The hamlet of Puigmoltó lies about a kilometre to the south-west of my home in Sant Pere de Ribes, and it is easily reached within fifteen minutes along a stony path that cuts through fields that have been planted to the east with carob orchards. Beyond Puigmoltó lies a scraggy woodland dominated by Aleppo pine and mastic bushes, and for the last two years I have been exploring the network of trails that open a way through these trees and shrubs. As I entered the woods last Tuesday afternoon I was drawn from my reverie by a flash of red up ahead. My first thought was that I had caught a glimpse of a bird passing from shade into light, but as I moved closer I realized that what I had seen was a remnant from the previous weekend’s adventure. I had forgotten. Once a year the local cycling club organizes an off-road event that takes full advantage of the wood’s gnarly trails, and what I had caught sight of was one of the coloured tapes the organizers hang from the trees and bushes as waymarks.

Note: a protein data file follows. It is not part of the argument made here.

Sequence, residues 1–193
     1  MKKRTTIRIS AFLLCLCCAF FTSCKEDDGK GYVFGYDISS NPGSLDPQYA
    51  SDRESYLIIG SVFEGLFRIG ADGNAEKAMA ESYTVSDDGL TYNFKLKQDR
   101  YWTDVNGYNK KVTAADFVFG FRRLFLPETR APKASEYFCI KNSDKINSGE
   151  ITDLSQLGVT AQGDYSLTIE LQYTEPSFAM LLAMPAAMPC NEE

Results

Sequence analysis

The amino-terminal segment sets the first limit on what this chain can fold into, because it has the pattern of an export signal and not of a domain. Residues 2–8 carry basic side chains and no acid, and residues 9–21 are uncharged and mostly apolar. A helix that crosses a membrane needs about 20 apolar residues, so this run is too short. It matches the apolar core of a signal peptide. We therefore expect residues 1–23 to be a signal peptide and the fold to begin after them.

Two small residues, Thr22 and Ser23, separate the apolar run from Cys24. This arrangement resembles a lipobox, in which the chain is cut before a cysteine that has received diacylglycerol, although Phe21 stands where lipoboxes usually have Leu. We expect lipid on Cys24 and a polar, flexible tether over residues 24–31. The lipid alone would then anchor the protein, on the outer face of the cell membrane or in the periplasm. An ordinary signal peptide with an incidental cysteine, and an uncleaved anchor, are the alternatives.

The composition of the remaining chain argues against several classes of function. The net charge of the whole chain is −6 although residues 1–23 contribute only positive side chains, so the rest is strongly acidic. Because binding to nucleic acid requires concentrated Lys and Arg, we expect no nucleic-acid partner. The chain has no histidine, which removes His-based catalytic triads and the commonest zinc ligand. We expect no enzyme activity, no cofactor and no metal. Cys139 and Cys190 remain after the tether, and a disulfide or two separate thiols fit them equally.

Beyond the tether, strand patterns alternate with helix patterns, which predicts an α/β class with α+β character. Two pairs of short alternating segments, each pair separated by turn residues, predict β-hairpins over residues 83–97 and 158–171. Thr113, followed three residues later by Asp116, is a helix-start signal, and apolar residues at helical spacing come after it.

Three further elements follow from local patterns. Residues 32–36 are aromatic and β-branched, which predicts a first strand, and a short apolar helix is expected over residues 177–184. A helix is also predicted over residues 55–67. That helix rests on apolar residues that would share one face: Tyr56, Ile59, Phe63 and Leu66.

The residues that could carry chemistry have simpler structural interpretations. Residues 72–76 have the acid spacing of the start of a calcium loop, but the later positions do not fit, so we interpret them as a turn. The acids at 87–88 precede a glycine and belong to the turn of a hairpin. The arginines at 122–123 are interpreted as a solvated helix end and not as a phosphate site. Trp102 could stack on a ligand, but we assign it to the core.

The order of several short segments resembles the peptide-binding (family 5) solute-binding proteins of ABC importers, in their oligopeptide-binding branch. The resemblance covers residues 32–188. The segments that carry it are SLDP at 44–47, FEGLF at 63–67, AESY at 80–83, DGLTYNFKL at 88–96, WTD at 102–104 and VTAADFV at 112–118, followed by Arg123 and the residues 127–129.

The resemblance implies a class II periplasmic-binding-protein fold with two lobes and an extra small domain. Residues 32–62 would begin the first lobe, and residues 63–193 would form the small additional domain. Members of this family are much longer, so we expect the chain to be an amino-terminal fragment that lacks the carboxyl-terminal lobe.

As I walked on up through the wood I saw many more of these markers, and I started to get a sense of the route that the competitors would have followed. If there was something melancholic about these tapes two days after the event, then I think it was because they reminded me of the still-worn wristbands of festival goers who are sad to let go.
We depend on trees for many things. Beyond their taking up carbon dioxide and providing a source of timber, they are also places where we can leave our mark. In her poem The Wishing Tree, Kathleen Jamie movingly describes a tree into whose bark have been pressed who knows how many coins, a tree, she tells us, that is now “choking on the small change of human hope”. Were I to come across such a tree in these woods, would I take a coin from my pocket and add my own wish? Possibly, since there are days when it is hard to know how to ease the longing. Maybe that is why we linger when the time comes to remove the remnants of a time well spent.